Cybertruck as a tow vehicle

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AlexD

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I've done the math based off of other tests and I expect to get around 140 miles of range with my 10K lb Airstream with my Tri-Motor (500+ mile range) Cyber Truck. That is at 70F.

That is enough to get between just about any Supercharger gap on US Interstates.

If it's below freezing outside, I'm planning on 100 miles or less. But I don't tow much when it's cold.

The REAL problem is almost all current Supercharger stations are not setup for charging with a trailer. I'd say around 90% of Superchargers you will have to disconnect the trailer to charger the Cybertruck. So if the CT has the expected ~200kWh battery pack, a minimum of 1 hour charging while towing, and then add on another 20 minutes every time for trailer de-coupling and re-coupling.

Don't expect to get anywhere quickly.
I've done the math based off of other tests and I expect to get around 140 miles of range with my 10K lb Airstream with my Tri-Motor (500+ mile range) Cyber Truck. That is at 70F.

That is enough to get between just about any Supercharger gap on US Interstates.

If it's below freezing outside, I'm planning on 100 miles or less. But I don't tow much when it's cold.

The REAL problem is almost all current Supercharger stations are not setup for charging with a trailer. I'd say around 90% of Superchargers you will have to disconnect the trailer to charger the Cybertruck. So if the CT has the expected ~200kWh battery pack, a minimum of 1 hour charging while towing, and then add on another 20 minutes every time for trailer de-coupling and re-coupling.

Don't expect to get anywhere quickly.
When I started my trip the tank was pretty low and I put in 27.2 gal gas
On the trip I never put in more than 21 gal - being conservative & not risk running out. Notwithstanding, GasHog always got over 300 miles before I had to refill. 140 miles range is simply NBGAA! Remember we are doing the comparison with a 2003 real piece of shit! Goodness there are any number of better tow vehicles than ol' GasHog!





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That's a 32% increase in fuel consumption to go from 18mpg to 13.5. I don't know where you got the 18% from.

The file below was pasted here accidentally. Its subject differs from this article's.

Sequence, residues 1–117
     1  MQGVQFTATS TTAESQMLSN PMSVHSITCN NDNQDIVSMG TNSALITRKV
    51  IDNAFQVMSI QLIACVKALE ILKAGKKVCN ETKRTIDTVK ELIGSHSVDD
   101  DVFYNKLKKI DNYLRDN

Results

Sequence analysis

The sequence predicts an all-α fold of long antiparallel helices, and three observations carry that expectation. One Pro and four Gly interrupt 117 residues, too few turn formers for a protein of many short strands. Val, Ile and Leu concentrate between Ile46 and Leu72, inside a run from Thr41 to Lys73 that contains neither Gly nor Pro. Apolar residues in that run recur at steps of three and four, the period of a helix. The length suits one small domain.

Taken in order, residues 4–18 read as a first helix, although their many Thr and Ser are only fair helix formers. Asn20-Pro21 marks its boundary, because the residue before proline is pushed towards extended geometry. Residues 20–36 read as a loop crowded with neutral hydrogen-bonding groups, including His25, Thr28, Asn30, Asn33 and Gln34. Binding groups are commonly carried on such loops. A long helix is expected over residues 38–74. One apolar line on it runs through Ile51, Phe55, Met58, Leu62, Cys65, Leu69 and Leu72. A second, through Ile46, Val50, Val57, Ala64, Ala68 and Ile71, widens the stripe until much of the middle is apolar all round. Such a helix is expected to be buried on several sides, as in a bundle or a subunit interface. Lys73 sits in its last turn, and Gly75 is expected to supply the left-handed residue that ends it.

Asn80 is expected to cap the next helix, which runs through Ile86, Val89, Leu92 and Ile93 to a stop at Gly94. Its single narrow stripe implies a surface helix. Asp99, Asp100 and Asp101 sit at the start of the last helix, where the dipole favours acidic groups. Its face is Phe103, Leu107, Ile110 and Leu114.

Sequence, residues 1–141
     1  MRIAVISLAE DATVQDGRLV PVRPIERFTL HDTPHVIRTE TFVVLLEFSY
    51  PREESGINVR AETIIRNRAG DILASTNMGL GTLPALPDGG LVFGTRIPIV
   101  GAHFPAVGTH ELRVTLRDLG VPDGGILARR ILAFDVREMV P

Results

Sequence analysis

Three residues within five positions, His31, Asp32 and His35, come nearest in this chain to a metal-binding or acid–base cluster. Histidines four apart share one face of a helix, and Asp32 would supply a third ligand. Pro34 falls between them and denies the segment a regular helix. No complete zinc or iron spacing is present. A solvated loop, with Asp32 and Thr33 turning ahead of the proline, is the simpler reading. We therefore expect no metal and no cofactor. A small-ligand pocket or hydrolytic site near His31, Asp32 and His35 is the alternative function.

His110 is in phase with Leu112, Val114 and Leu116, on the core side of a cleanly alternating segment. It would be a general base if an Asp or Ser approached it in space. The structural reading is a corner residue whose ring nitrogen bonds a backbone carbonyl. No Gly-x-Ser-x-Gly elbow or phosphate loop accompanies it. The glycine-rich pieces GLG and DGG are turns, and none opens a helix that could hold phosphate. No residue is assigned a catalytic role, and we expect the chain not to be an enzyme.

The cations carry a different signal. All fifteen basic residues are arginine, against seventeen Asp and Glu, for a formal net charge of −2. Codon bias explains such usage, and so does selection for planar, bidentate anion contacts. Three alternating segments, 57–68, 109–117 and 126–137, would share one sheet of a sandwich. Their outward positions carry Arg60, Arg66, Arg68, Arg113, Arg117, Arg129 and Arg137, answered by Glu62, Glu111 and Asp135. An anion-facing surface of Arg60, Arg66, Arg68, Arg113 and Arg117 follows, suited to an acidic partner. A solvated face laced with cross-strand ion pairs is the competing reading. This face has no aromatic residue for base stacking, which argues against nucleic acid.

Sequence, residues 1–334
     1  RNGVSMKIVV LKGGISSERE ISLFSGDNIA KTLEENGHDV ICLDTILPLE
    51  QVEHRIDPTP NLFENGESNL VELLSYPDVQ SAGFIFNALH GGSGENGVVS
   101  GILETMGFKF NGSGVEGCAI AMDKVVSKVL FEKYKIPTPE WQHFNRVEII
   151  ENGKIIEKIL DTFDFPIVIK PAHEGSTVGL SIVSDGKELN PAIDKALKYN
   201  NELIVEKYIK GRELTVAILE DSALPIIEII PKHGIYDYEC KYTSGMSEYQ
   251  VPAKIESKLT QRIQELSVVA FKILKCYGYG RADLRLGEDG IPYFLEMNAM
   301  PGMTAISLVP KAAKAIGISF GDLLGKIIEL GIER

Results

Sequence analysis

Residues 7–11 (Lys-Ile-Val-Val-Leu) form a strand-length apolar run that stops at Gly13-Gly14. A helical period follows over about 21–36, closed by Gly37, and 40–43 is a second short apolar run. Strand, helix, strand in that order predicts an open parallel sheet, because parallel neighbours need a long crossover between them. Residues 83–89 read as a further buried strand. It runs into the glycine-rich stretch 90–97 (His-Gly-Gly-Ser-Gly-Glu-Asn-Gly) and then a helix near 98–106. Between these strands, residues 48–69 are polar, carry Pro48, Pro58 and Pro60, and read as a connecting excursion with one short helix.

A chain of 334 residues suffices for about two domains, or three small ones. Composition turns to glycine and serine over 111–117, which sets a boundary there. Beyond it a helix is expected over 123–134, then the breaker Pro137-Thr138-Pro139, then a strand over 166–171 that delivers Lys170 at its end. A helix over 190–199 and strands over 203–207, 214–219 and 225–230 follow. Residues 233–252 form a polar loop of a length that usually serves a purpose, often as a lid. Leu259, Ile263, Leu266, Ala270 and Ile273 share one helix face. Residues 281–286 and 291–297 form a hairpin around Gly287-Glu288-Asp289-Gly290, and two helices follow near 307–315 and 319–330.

-Crissa
308miles driven and
I did the math. You consumed 0.055 gallons per mile (18mpg). Then you put the trailer on and consumed 0.074 gallons per mile (13.6). That's an increase of 32%.

I don't know what your math was about, because it makes no sense. You consume gallons, not mpgs.

-Crissa
Drive 308 miles and use 17.672 gals gas = 17.4287 MPG say 17.43
Which part of this simple calculation is giving you problems???
 

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Drive 308 miles and use 17.672 gals gas = 17.4287 MPG say 17.43
Which part of this simple calculation is giving you problems???
Okay, if switch to 17mpg as the baseline, you still used 25% more gas to go the same distance at 13.6mpg.

-Crissa
 
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I'd love to see MPG numbers with your existing truck and trailer combinations!

I think you'll find that your existing tow vehicle loses quite a lot of range when it tows, as well.

I get about 50%-60% of my unladen range when I tow my travel trailer with my ICE vehicle, depending on the speed I choose. (MPGs drop from 18-20 when unladen to 9-12 when towing.)

This is intuitive, because my travel trailer roughly doubles the weight and frontal area of my truck. This is comparable to the range hit people have reported when towing with the Model X.

We've debated this topic extensively on this board, and the only things we can agree on is that:
  • The trailer has a big effect on the performance of the combination vehicle.
  • We won't get good numbers until someone actually does it.
  • Conventionally powered vehicles also take a big range hit when towing, but nobody seems to care.
Personally, I've bought in to the hypothesis that my GMC Sierra 1500 Hybrid is the most similar vehicle on the road to the upcoming Cybertruck[0]. As such, it's the best model I have for the Cybertruck's towing performance.

I'm expecting a similar range-reduction when towing with the CT, which means the Tri-Motor CT is the best fit for my towing use-case. But I fully recognize that there are large error bars on my numbers -- the CT's towing range with my trailer might be 40% of its unladen range, or 60%. 🤷‍♂️

I humbly suggest that you precisely and accurately measure your tow vehicle's MPG with and without your trailers. A lot of us on this board are engineers (but not automotive engineers) -- and so the math gets hot & heavy long before someone goes for a drive in his/her truck and just f*cking measures the numbers.

[0] The upcoming F-150 Hybrid and F150-EVs will also be good models. However, I have yet to see either in the wild, much less tow with one.
The actual real world figures show that there is only about a 15% increase in fuel consumption on my old 5.4L V8 2003 F150.